We next consider Trevino's argument that a COA should issue regarding the district court's rejection of Trevino's claim that his trial counsel failed to investigate and develop mitigating evidence during the sentencing phase of trial. The district court held that this claim was procedurally defaulted because Trevino failed to raise it during his first state habeas proceeding, which resulted in dismissal by the Texas Court of Criminal Appeals on the basis of Texas's "abuse of the writ" doctrine when Trevino presented the issue in his second state habeas suit. See TEXAS CODE OF CRIM. P. ANN. ART. 11.071 § 5(c) (2011).
A claim is procedurally defaulted when a state court clearly and expressly bases its dismissal of a claim on a state procedural rule and that rule provides an independent and adequate ground for dismissal. Coleman v. Thompson, 501 U.S. 722, 729, 111 S. Ct. 2546, 2253-54 (1991). When such a dismissal based on independent and adequate state law grounds has occurred, we do not reach the merits of the federal habeas claim. Id.
The district court rightly observed that we have expressly held "Texas's abuse of the writ doctrine is a valid state procedural bar foreclosing federal habeas review." Coleman v. Quarterman, 456 F.3d 537, 542 (5th Cir. 2005); accord Hughes v. Quarterman, 530 F.3d 336, 342 (5th Cir. 2008). Moreover, we recently addressed a "perfunctory" dismissal order by the Texas Court of Criminal Appeals—similar to the order dismissing Trevino's second state habeas petition—that cited Article 11.071, Section 5 of the Texas Code of Criminal Procedure in dismissing a claim for ineffective assistance of counsel, without further explanation. Balentine v. Thaler, 626 F.3d 842, 849-57 (5th Cir. 2010) (panel rehearing). We held that this dismissal order could not be read as having reached the merits of the federal claim, but rather must be viewed as resting on independent and adequate state law grounds for purposes of procedural default. Id. Accordingly, we agree with the district court that Trevino's claim for ineffective assistance of counsel, which the Texas Court of Criminal Appeals dismissed on abuse-of-writ grounds under Section 5 of Article 11.071 of the Texas Code of Criminal Procedure, was dismissed on independent and adequate state grounds and is, thus, procedurally defaulted. Reasonable jurists cannot disagree with the district court's procedural ruling in this regard. We, therefore, affirm the district court's denial of COA for this claim.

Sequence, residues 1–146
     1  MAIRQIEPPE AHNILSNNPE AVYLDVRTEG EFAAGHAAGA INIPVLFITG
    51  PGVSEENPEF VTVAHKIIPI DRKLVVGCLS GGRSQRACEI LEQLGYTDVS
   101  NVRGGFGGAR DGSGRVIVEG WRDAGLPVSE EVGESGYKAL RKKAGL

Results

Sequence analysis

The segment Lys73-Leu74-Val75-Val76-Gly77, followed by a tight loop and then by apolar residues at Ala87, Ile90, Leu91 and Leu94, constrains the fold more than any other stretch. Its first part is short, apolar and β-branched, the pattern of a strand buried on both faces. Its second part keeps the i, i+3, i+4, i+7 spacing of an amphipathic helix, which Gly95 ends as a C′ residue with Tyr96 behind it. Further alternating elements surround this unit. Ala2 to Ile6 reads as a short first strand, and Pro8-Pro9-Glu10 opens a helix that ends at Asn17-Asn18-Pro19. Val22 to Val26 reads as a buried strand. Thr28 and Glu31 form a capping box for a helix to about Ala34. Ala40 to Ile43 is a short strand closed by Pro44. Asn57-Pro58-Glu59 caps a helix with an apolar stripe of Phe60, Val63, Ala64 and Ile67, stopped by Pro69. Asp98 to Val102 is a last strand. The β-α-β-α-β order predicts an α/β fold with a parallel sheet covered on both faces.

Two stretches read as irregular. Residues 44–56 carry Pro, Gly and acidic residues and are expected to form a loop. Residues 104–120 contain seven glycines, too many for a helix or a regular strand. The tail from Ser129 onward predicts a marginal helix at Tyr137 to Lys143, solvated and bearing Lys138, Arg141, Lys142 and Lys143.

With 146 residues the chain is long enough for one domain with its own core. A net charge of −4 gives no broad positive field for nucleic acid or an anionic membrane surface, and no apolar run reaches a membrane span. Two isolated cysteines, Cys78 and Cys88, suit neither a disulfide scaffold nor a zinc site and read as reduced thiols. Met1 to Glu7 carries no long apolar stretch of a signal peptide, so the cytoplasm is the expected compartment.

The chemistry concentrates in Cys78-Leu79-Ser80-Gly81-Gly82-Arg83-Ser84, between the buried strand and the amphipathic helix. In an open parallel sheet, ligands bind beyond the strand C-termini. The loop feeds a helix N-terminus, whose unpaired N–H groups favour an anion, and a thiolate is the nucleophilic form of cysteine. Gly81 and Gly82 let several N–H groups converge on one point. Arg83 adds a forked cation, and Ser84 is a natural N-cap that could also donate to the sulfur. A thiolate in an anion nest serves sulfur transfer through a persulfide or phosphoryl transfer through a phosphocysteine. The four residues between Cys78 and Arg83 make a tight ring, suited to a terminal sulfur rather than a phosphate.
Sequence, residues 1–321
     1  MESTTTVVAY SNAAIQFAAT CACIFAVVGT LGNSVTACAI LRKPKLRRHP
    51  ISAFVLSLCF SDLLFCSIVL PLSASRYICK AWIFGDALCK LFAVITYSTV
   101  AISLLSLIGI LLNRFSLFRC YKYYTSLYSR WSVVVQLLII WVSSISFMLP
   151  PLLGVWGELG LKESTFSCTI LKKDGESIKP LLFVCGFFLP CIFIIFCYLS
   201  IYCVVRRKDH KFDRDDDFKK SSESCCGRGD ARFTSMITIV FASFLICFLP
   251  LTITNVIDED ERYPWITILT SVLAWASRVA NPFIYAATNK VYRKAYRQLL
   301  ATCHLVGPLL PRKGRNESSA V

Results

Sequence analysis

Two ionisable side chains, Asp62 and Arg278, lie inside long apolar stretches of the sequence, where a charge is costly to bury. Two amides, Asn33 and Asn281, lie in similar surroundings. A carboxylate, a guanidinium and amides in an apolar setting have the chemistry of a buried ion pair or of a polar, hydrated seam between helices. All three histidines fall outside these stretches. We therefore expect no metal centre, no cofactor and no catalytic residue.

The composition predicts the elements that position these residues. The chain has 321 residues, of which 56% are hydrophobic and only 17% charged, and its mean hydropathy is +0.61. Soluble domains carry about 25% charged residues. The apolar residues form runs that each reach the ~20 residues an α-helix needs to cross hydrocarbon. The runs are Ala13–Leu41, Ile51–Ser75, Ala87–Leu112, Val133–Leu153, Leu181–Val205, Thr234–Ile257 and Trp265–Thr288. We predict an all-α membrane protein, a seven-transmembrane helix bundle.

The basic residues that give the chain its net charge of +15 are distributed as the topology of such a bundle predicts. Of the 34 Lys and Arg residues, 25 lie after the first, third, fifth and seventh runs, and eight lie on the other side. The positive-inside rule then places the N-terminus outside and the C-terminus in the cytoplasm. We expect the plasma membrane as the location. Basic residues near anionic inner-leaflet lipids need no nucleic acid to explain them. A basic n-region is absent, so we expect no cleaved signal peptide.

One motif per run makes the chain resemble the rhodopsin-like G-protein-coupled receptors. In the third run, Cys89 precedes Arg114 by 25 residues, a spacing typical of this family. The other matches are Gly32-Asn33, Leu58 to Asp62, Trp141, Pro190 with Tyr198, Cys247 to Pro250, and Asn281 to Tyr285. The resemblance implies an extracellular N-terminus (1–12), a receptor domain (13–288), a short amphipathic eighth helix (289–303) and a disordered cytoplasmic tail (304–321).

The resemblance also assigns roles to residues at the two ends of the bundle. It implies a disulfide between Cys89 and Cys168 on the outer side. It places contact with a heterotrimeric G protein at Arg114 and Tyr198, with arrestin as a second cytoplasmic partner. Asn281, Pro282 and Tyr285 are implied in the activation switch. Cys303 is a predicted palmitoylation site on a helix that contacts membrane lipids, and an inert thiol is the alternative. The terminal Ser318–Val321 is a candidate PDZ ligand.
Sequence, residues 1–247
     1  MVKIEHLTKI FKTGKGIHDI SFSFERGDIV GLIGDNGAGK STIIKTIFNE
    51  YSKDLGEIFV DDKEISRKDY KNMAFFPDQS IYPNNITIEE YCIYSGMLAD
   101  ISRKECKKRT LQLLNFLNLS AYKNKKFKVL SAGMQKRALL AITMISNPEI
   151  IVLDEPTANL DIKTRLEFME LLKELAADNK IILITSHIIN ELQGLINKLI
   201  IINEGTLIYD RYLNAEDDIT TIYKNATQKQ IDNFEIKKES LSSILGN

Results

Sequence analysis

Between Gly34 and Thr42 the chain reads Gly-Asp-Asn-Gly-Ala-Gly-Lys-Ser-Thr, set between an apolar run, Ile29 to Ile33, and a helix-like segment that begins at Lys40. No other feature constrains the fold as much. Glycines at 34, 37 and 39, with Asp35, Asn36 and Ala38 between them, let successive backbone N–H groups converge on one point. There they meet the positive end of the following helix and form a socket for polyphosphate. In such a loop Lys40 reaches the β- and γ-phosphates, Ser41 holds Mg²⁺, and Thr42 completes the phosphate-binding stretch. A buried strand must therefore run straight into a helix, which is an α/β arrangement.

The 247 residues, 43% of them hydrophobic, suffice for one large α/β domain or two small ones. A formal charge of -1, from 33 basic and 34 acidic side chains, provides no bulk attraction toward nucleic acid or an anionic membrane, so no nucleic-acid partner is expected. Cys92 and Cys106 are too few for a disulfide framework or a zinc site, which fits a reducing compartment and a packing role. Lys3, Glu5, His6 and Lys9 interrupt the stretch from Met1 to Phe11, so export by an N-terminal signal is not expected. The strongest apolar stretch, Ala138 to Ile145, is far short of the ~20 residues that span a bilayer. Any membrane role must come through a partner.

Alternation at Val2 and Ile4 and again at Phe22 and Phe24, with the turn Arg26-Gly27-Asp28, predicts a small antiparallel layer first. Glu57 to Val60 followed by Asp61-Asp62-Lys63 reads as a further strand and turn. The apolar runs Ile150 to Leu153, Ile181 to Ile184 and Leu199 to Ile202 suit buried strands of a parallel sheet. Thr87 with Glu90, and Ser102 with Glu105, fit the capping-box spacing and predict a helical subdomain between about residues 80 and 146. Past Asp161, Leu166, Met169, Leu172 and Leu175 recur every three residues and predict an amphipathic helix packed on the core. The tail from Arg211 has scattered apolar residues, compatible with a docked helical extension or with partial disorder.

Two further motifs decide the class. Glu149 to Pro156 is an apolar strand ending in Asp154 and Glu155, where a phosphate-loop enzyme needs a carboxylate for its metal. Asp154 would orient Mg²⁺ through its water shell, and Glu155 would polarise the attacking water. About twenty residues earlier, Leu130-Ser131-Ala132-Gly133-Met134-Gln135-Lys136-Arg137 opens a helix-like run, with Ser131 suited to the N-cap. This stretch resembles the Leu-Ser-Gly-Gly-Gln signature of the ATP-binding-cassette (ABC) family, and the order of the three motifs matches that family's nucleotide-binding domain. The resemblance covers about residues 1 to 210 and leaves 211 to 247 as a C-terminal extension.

The district court granted COA on the issue of whether Trevino could meet the "fundamental miscarriage of justice" exception to the procedural default of his ineffective-assistance claim, and we will address that issue separately below.
We also affirm the district court's denial of COA regarding Trevino's claim that the factors in Texas's capital sentencing scheme—such as "future dangerousness"—are vaguely defined and fail to properly channel the jury's discretion. As the district court correctly held, we have repeatedly rejected similar arguments. See, e.g., Leal v. Dretke, 428 F.3d 543, 553 (5th Cir. 2005) (citing numerous cases rejecting vagueness challenges to the terms of Texas's capital sentencing scheme). Because jurists of reason cannot debate that the district court correctly held that this claim has no merit under binding precedent, we affirm the district court's denial of a COA.
Finally, we affirm the district court's denial of a COA regarding Trevino's argument that Texas procedure unconstitutionally prevented the trial court from informing the jury of the effect of a hung jury during Trevino's sentencing. The district court noted first that Trevino raised this same claim during his direct appeal in state court and during his first state habeas proceeding; the Texas courts rejected the claim. The district court also correctly explained that the Supreme Court and this court have rejected similar claims numerous times. See Jones v. United States, 527 U.S. 373, 382, 119 S. Ct. 2090, 2098 (1999) (holding that the Eighth Amendment does not require a capital sentencing jury to be instructed regarding the effect of a "breakdown in the deliberative process").Reasonable jurists cannot debate the district court's disposition of this issue. Thus, we affirm the district court's denial of a COA on this ground.
See also Turner v. Quarterman, 481 F.3d 292, 300 (5th Cir. 2007) (recognizing that precedent precludes any argument that the Eighth Amendment or the Due Process clause of the Fourteenth Amendment requires a Texas capital sentencing jury to be informed of the effect of failure to reach a unanimous verdict).